Spectroscopy involves splitting light into its different wavelengths. Remember that when we talk about light, we include the entire electromagnetic spectrum. 

Spectroscopy began with Isaac Newton using a prism to split light into a spectrum of colours. Today, spectroscopy uses diffraction gratings rather than prisms. We can also fit telescopes with tools called spectroscopes. These are used to split light up into different wavelengths. 

A comparison of the spectra of different classes of star

Spectroscopy has many uses in astronomy. It can be used to work out the colour of stars and classify them. This helps us understand the age and history of the star.

We can use spectroscopy to work out the chemistry of a star. We do so by looking at the pattern of spectral lines. This method can also be used to tell us about the chemistry of the material that the light has passed through. This makes spectroscopy a powerful tool in the hunt for habitable exoplanets. It can look for chemicals like oxygen or methane in the planet's atmosphere.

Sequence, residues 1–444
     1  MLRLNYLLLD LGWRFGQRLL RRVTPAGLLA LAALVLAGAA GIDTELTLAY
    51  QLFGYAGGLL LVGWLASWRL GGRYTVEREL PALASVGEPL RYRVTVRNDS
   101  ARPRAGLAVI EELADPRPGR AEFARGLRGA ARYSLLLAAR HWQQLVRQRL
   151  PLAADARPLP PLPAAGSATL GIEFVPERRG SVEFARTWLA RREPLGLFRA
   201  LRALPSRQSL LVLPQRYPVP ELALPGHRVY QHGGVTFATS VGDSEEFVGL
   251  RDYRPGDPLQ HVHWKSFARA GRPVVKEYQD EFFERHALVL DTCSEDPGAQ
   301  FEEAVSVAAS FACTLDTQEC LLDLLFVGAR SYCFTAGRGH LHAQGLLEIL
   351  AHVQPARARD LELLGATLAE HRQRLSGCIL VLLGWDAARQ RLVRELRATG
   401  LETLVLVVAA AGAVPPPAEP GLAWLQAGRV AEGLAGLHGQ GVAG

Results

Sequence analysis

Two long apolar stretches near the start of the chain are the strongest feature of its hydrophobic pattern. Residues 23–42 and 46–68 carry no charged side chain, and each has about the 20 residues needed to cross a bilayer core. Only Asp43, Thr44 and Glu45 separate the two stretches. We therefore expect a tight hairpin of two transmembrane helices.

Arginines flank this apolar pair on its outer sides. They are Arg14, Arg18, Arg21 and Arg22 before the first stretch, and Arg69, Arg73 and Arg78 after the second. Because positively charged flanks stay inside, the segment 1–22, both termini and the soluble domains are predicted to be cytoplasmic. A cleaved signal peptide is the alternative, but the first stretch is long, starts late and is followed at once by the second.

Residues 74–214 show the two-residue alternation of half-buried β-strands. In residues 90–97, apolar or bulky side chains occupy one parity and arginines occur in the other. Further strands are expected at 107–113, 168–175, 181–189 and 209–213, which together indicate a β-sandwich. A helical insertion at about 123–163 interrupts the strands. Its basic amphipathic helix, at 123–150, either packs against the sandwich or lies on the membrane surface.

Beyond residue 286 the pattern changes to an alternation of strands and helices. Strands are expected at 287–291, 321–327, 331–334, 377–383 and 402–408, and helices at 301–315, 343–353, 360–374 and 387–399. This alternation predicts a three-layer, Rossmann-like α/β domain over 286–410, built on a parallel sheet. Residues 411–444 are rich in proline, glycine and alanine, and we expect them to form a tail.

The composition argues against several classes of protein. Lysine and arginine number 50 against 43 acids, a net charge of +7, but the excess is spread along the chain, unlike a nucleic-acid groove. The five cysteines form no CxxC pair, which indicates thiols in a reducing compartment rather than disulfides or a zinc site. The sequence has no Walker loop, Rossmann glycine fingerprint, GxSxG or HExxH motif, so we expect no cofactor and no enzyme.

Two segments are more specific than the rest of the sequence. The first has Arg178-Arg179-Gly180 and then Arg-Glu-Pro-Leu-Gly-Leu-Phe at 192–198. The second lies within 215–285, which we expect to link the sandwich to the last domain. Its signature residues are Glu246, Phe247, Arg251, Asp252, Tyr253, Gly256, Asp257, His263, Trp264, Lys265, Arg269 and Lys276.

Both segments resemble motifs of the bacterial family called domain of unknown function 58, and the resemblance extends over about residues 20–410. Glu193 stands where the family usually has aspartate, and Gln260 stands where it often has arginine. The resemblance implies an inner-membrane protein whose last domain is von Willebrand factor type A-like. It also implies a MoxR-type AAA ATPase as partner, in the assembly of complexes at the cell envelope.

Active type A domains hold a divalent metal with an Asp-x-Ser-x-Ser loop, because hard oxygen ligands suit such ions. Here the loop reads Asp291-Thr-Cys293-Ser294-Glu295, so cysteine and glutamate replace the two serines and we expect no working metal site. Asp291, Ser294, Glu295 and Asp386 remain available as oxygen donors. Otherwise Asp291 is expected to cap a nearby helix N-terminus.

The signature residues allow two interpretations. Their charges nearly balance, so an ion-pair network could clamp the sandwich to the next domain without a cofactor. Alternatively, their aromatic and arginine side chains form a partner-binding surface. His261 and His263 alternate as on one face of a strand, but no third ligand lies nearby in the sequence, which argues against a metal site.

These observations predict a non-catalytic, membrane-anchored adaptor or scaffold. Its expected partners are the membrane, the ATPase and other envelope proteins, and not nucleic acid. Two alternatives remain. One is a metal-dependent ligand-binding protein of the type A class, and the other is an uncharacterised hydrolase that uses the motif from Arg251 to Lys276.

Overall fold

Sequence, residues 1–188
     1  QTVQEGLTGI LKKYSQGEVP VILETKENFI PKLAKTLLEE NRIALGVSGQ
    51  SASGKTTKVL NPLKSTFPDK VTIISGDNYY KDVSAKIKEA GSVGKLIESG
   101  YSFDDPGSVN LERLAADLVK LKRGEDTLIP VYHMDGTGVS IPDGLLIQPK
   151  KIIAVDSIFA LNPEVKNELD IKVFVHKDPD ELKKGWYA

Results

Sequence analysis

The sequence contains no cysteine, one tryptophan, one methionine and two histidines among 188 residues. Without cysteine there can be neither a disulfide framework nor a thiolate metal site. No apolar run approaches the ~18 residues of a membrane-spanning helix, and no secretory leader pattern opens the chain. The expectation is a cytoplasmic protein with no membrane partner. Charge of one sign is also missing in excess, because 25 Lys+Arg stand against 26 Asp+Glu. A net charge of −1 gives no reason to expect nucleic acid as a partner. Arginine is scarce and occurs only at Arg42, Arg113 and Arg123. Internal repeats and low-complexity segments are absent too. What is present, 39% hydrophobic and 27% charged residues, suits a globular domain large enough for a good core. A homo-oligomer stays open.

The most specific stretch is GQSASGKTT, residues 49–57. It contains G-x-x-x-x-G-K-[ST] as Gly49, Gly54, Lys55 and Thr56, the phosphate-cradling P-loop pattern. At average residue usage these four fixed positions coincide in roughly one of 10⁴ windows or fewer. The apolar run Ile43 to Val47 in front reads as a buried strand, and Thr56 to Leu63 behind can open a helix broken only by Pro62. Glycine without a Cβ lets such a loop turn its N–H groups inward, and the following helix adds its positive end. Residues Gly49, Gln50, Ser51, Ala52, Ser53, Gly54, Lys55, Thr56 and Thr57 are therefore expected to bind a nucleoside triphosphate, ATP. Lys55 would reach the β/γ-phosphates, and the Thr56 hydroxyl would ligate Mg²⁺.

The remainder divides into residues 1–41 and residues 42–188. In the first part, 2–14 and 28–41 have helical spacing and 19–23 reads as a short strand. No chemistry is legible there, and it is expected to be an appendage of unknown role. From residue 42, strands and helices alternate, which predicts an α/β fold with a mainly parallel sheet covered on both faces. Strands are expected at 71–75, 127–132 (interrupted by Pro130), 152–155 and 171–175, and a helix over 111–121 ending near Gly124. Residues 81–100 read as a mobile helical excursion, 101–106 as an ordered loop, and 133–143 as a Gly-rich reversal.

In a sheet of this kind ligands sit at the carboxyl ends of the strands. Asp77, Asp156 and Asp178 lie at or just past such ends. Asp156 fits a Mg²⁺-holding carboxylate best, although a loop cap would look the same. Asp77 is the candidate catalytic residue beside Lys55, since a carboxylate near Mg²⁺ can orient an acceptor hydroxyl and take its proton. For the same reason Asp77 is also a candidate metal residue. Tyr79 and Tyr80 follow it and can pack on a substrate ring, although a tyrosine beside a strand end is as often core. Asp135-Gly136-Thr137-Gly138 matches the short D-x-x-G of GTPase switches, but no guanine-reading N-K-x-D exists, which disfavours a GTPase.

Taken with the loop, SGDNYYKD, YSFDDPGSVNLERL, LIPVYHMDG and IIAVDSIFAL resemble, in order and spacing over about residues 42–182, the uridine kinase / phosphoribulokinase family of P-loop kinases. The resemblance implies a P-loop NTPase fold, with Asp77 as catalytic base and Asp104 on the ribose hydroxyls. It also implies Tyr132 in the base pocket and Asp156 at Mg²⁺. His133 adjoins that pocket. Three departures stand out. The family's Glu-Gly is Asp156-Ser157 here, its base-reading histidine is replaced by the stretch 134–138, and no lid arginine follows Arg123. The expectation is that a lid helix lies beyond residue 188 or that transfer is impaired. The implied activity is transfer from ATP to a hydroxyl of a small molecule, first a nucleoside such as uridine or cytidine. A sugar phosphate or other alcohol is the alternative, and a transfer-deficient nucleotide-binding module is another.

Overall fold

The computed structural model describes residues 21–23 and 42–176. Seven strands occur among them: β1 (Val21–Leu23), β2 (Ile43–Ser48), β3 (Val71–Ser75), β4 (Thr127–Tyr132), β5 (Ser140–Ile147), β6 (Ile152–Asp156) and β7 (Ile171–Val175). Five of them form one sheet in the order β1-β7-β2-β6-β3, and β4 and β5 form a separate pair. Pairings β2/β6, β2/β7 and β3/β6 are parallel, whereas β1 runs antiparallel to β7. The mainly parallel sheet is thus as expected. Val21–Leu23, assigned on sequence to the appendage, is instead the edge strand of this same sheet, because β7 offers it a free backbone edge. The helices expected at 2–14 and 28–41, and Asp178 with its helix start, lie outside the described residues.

We can also use spectroscopy to measure the redshift of an object. Redshift can tell us how far away a galaxy is. It can also be used to find exoplanets. 

Spectroscopy can tell us a great deal about objects in space. However, it is not a quick and easy tool. For example, one spectroscopy measurement can take the same amount of time as 100 photometry measurements. Spectroscopy also requires a lot of light, so cannot be used for very faint objects.